And as the biotech bull market continues its ascent, the ever changing landscape suggests that new interpretations of the game must be applied. Considering just two years ago, the Large-Cap universe for drug-making companies consisted of the traditional gang including Pfizer (NYSE:PFE), GlaxoSmithKline (NYSE:GSK), AstraZeneca (NYSE:AZN), Bristol Myers Squibb (NYSE:BMS), Johnson & Johnson (NYSE:JNJ), Novartis, Merck (NYSE:MRK), and Eli Lilly (NYSE:LLY). As a result of the recent multiples expansion in the sector, the old guard today welcomes newcomer companies including Alexion Pharmaceuticals (NASDAQ:ALXN), Biogen Idec (NASDAQ:BIIB), Celgene (NASDAQ:CELG), and Regeneron (NASDAQ:REGN) with market capitalizations of more than $15 billion.
Moreover, as the biotech tide rises, so do the valuations of the less-established Mid-Cap sized companies. Scanning the landscape of Mid-Cap biotech companies currently generating revenues (Figure 2), we found the majority to be wildly overvalued and trading at an average sales multiple (37x), which is more than three times the average garnered during this year's ten M&A deals (11x).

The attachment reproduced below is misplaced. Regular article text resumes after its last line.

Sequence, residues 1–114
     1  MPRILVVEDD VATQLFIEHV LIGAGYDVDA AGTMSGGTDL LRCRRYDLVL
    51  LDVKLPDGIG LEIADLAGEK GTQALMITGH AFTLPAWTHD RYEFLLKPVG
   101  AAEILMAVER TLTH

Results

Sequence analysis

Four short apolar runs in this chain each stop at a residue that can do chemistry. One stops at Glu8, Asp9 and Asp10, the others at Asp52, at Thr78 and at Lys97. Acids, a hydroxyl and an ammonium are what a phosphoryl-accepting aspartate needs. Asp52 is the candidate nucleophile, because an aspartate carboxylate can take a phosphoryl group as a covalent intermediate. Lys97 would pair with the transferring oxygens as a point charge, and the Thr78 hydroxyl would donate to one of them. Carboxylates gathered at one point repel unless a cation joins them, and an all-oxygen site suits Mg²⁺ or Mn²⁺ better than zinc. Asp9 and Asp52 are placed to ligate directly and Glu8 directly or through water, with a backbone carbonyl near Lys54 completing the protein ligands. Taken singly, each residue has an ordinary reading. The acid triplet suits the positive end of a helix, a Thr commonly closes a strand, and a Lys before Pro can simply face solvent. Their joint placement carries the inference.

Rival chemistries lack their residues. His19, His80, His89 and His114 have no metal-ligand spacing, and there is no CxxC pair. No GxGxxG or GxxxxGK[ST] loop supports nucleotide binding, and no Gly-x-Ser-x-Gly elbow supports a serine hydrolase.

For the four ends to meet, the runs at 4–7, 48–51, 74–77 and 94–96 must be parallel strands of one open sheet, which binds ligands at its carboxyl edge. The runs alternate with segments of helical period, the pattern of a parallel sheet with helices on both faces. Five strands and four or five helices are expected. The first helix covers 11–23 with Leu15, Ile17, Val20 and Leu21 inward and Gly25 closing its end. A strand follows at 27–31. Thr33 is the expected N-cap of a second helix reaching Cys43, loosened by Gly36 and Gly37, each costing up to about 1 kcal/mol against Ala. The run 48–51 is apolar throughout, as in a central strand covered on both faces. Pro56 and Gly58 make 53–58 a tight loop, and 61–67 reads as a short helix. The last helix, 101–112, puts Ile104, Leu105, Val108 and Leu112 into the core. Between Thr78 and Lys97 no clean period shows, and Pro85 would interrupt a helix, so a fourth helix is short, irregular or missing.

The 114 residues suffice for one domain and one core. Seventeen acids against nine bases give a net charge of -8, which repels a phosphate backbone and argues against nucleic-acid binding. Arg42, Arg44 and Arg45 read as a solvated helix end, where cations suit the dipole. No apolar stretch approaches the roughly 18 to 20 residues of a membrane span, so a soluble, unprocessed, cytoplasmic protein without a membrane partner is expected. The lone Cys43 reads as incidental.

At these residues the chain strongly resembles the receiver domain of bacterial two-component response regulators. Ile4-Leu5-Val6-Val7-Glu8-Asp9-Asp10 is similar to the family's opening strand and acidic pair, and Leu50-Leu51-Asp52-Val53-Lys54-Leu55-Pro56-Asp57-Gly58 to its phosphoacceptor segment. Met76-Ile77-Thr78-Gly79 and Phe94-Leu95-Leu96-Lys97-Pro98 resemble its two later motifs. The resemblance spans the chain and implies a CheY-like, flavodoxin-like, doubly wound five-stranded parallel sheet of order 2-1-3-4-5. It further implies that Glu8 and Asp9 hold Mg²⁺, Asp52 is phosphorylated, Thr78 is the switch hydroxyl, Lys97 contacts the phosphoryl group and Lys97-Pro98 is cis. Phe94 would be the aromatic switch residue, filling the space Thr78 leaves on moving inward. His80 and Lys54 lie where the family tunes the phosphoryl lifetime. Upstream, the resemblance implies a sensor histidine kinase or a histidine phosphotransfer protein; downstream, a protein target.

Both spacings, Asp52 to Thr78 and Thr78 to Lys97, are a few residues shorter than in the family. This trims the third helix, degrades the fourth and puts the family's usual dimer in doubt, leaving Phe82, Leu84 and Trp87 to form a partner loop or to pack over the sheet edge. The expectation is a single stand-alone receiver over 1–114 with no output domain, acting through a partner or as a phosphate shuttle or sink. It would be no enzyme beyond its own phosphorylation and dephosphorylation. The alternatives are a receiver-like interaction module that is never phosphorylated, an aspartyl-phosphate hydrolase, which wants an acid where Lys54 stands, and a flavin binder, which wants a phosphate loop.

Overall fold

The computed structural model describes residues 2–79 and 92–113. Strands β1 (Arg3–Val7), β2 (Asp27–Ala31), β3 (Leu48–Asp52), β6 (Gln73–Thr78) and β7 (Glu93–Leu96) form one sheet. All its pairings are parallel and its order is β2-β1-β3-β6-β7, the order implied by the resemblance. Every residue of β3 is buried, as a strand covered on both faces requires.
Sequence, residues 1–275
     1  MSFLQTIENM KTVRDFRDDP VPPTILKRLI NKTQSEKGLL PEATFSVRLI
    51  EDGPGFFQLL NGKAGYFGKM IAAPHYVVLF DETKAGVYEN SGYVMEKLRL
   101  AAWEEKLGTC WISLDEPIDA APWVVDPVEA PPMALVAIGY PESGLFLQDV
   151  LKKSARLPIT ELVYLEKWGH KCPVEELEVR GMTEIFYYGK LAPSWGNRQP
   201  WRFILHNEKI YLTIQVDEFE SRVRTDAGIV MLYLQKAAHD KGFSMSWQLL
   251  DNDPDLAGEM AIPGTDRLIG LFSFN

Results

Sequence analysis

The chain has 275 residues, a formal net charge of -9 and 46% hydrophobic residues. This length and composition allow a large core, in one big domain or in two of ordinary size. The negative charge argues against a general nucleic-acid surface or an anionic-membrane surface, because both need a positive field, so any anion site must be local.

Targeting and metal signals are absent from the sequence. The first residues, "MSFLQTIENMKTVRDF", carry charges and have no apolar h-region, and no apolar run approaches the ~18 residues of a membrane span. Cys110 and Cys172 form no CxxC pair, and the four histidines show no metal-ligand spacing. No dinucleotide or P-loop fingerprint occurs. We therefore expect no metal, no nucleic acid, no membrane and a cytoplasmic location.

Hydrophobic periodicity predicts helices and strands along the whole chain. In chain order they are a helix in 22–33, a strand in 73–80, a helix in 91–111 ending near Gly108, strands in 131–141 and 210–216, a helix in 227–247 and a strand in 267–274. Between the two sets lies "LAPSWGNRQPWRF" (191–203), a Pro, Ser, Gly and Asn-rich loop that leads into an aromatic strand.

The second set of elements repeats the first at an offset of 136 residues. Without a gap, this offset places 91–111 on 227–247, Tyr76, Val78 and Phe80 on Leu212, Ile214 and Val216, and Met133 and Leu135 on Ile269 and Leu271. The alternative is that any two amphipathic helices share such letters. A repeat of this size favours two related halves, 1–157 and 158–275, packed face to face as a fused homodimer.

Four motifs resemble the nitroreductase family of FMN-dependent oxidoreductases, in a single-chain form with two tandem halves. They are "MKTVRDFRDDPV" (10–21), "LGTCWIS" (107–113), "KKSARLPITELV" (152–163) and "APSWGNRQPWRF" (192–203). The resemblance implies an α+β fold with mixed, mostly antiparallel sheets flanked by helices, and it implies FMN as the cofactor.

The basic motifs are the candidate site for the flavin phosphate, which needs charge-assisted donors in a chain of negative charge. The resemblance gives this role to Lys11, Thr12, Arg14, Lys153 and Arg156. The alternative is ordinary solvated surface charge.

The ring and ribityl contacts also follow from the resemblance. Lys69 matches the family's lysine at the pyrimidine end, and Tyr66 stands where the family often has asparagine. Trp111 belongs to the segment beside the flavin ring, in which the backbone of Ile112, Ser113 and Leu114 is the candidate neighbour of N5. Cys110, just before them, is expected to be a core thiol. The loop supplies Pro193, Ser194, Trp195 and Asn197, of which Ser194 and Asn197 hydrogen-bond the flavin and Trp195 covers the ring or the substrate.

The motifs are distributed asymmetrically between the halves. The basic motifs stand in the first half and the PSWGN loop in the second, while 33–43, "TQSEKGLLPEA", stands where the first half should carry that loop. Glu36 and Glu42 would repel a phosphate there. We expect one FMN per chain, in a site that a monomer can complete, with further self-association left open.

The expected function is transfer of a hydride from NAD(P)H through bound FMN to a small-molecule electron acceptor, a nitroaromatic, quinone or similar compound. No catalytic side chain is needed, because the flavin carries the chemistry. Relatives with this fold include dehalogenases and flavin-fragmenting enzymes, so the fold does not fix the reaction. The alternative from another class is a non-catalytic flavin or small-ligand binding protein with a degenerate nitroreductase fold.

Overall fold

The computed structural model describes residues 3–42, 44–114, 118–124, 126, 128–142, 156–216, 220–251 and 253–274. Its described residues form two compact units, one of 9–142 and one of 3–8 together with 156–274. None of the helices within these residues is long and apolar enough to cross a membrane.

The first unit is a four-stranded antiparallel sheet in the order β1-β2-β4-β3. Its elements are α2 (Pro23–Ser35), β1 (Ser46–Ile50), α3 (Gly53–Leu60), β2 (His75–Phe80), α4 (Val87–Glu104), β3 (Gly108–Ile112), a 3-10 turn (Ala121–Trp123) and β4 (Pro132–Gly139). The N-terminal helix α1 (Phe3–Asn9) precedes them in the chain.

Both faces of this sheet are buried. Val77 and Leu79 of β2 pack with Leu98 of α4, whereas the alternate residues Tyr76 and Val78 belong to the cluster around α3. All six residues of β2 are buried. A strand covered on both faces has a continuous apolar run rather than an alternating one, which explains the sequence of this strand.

Based on the average deal size and one-month premium given to acquired companies over the past ten years (Figure 3), we determined that Mid-Cap biotechs are already trading at 64% of their buyout valuations.
And should they be taken out at the 55% one-month premium garnered by targets in the past ten years, their implied buyout value (avg. $8.5B) would be more than double the historical average (avg. $3B) and almost three times the deal value average for 2013 (Figure 4).
While biotech also hit a decade-high record for M&A deals this year with ten, the last two deal headlines, however, have raised eyebrows. Most analysts and investors have agreed that the $886M offer by Otsuka Holdings Co. for Astex Pharmaceuticals (NASDAQ:ASTX) is well below fair value as it ascribes little value to a promising pipeline that includes SGI-110. Many analysts across the Street believe the company is worth $13-$14 a share and by our previous analysis we agree. Dacogen royalties alone are worth $340M based on modeling $50 million in royalties annually through 2022 at 6% discount rate. Assuming approval by 2017, SGI-110 could realistically capture 20% market share by 2019 and be worth a fair value estimate of approximately $400 million for frontline AML/MDS (5x revenue multiple at 20% discount). Adding second-line AML, which is worth about $460M (assuming 25% market share within three years of $1.4B potential market, 5x revenue multiple at 25% discount rate), leads to a fair value estimate of $1.2B, or ~$13 a share.